Drag Finishing – More than just „Another“ Mass Finishing Process Excellent Surface Finishes on Medical Implants -- COMPAMED Trade Fair


Rösler Oberflächentechnik GmbH Werk Memmelsdorf

Drag Finishing – More than just „Another“ Mass Finishing Process Excellent Surface Finishes on Medical Implants

Extremely smooth and a high gloss finish – these are the surface finish requirements for medical implants. To achieve these finishing goals reliably and economically, more and more medical implant manufacturers are utilizing the drag finishing technology.

Increasing life expectation and the practice of extreme sports are leading to increased wear of bones and joints. The last resort to overcome these problems is the implantation of an artificial joint. The use of such implants, such as artificial knees, hips, elbows, ankles, etc., has been growing rapidly all over the world. To meet their growing demand, medical implant manufacturers are expanding their capacity for products made from titanium and other high-alloy metals, and they are looking for solutions for economic and high-quality production of these precision castings. A major focus lies on the surface treatment of these components. To prevent contamination, their surface must be extremely smooth. Compared to robotic grinding and buffing, Rösler drag finishing systems offer many advantages. They allow the grinding/polishing of 24 parts, distributed over four workstations at a time. With drag finishing, the parts never touch each other. Another big advantage of the drag finishing technology is that the parts are completely ground/polished, irrespective of their shape. Several implant manufacturers are already using the Rösler drag finishing technology for their products.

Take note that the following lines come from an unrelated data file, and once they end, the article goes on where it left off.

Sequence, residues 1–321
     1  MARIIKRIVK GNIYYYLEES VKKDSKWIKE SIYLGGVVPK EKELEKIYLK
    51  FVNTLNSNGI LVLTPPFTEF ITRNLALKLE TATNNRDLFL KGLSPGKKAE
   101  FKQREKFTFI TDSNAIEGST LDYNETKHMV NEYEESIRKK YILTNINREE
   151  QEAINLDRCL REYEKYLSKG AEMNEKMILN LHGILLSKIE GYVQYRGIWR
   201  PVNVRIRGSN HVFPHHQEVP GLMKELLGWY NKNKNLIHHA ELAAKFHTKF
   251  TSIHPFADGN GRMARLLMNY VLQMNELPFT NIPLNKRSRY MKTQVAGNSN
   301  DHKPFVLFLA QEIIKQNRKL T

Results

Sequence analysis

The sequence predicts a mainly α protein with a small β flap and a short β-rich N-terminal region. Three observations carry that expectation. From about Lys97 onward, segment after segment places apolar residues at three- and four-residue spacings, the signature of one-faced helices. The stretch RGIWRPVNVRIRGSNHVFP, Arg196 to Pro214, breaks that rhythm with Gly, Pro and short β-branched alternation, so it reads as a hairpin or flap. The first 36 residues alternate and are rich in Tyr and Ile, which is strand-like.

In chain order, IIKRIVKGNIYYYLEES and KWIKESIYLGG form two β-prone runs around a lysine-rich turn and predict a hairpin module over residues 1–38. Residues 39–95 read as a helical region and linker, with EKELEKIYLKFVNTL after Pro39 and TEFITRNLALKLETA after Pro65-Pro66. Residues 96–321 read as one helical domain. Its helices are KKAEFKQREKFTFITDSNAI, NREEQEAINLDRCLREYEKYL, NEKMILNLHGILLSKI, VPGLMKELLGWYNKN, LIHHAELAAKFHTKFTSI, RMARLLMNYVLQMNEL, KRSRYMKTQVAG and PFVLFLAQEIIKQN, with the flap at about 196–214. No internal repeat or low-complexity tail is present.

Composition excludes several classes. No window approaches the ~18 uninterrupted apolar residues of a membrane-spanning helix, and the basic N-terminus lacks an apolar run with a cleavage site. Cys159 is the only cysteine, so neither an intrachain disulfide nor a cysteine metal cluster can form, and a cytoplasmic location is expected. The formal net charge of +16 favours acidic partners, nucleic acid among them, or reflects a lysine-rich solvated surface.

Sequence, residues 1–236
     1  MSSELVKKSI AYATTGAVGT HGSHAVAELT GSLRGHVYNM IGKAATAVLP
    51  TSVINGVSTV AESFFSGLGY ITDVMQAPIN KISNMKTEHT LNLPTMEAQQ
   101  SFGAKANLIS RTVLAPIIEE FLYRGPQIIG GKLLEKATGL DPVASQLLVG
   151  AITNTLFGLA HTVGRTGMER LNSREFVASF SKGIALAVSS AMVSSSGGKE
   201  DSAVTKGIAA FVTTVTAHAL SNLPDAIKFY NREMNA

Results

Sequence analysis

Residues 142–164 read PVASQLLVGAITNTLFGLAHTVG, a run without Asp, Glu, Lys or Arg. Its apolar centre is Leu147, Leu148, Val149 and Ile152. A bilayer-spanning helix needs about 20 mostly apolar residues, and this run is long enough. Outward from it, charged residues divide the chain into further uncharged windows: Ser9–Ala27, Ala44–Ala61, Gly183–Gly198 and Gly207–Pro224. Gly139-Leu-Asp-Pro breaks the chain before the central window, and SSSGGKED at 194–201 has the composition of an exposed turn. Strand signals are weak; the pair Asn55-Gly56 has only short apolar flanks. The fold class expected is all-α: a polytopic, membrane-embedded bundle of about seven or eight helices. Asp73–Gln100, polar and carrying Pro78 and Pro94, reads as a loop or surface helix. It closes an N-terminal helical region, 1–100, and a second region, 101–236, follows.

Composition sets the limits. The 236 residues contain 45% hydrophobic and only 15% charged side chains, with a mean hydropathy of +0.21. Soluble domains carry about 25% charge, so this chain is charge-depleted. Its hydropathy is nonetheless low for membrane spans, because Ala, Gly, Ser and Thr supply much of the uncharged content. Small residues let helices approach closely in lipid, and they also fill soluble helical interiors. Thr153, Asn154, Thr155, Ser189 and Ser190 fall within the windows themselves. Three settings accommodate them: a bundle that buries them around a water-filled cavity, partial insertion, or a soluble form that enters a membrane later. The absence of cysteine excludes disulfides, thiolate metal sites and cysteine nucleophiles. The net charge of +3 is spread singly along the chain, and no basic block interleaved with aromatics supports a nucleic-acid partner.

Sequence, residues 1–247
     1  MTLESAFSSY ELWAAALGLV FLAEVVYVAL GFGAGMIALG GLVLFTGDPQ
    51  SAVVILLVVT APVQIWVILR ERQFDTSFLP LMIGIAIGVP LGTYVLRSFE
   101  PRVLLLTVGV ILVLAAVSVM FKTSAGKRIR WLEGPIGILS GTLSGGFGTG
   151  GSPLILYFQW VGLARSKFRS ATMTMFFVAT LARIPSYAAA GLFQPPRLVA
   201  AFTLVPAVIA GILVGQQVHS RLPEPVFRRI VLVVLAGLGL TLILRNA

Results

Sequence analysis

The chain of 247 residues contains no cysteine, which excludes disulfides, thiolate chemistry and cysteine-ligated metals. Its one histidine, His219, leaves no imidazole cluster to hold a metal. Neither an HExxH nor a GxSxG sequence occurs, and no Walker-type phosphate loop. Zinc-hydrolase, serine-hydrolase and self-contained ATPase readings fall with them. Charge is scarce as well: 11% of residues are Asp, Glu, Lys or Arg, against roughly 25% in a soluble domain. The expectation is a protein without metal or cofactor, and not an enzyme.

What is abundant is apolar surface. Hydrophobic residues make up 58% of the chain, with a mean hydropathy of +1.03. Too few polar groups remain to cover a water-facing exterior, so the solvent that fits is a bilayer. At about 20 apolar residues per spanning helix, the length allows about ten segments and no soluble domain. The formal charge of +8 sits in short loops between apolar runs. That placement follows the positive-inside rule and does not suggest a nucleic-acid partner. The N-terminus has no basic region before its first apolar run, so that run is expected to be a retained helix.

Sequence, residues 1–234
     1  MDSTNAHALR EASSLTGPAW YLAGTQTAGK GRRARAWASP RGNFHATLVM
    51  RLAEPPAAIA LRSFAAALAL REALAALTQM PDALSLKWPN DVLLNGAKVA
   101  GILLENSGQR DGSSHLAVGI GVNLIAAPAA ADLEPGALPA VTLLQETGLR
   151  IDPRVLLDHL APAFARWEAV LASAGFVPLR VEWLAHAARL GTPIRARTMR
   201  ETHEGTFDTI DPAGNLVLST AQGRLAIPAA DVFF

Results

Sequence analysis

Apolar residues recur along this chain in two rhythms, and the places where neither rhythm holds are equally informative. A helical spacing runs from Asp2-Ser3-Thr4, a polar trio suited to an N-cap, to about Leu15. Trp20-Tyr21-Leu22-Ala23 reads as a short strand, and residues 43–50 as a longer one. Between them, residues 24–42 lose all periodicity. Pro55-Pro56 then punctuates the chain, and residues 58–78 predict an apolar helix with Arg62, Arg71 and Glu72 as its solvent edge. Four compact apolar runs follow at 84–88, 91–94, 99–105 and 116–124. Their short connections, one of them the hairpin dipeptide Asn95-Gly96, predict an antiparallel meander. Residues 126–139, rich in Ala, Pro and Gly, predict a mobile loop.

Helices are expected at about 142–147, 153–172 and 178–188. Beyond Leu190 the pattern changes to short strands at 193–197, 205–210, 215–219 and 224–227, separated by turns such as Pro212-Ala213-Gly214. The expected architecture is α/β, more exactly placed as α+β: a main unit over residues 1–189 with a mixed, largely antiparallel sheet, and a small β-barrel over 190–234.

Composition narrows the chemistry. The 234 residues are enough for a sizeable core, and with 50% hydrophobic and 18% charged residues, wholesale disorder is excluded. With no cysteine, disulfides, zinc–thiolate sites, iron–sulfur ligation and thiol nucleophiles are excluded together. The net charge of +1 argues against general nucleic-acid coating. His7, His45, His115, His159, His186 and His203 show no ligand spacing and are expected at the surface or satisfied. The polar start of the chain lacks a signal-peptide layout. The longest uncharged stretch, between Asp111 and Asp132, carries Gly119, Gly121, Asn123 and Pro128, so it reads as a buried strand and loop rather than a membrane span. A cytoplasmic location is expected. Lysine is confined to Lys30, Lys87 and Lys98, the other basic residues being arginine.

Drag Finishing Reduces the Rz from 18 μm to Rz 0,2 μm
The surface reading on implants prior to drag finishing is usually Rz = 18 μm. The implants are mounted to parts-specific parts fixtures, which are in turn mounted to the four rotary workstations of the drag finisher. The parts are then “dragged” through a bowl filled with grinding or polishing media. RPM and rotational direction of the independent workstation drives can be adjusted. To achieve the required surface finishes, the operating angle of the workstations can also be adjusted. Usually the finishing of implants requires multiple steps. Each process is documented and stored in the system PLC. The first two steps are generally

pre-grinding with ceramic media, followed by a fine grinding step with plastic media. The subsequent high gloss polishing is done in specially prepared dry polish media. The four workstations are equipped with quick connect couplings for easy mounting and dismounting of the work piece fixtures. The specially developed fine grinding plastic media provides surfaces finishes of down to 0.2 μm!